One key point in the ongoing battle against the legacy of racial inequality in the United States has been the significance of university buildings named after historical figures associated with slavery or white supremacy.
On July 29th, 2020, the board of trustees at UNC-Chapel Hill voted 11-2 to remove the names of Charles Aycock, Josephus Daniels, Julian Carr and Thomas Ruffin Sr. from UNC campus buildings because of their ties to white supremacy in North Carolina.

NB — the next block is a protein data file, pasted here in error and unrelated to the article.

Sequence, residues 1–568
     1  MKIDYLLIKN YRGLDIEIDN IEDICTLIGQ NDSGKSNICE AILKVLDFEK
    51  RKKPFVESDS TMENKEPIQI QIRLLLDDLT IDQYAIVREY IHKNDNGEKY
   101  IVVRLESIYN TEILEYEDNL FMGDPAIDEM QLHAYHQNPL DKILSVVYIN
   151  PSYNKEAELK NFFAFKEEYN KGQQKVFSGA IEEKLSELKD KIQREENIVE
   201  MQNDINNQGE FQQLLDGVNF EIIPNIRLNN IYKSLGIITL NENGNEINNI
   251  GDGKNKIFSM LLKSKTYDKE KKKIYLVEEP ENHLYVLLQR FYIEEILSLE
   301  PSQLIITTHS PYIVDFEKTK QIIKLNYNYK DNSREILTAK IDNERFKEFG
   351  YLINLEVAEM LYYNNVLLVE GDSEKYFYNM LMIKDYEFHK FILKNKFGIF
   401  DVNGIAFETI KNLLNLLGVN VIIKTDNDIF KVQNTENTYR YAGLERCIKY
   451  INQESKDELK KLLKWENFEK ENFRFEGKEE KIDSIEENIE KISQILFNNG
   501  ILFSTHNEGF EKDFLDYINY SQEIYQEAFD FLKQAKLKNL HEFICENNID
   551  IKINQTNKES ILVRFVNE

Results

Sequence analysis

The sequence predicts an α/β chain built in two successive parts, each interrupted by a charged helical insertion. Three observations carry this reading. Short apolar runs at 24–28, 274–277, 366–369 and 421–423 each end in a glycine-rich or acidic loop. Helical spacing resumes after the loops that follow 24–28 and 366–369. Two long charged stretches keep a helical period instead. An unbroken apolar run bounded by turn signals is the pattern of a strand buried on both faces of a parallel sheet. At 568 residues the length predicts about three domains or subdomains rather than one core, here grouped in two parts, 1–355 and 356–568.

Many protesters, alumni, faculty and students at universities across the country have argued that buildings should be renamed in light of the views and actions of their original namesakes, while others have contended that these facts should not result in renaming the buildings.
1. As task forces across the country continue to deliberate about the best way forward, what principles should guide their decision about whether to remove names?
2. Is it fair to say that building names are a matter of psychological or emotional “safety” for students on campus? Why or why not?
3. Are building names analogous to public monuments or memorials? How about other ‘named’ features of the academic world, such as fellowships, endowed chairs, labs and prizes?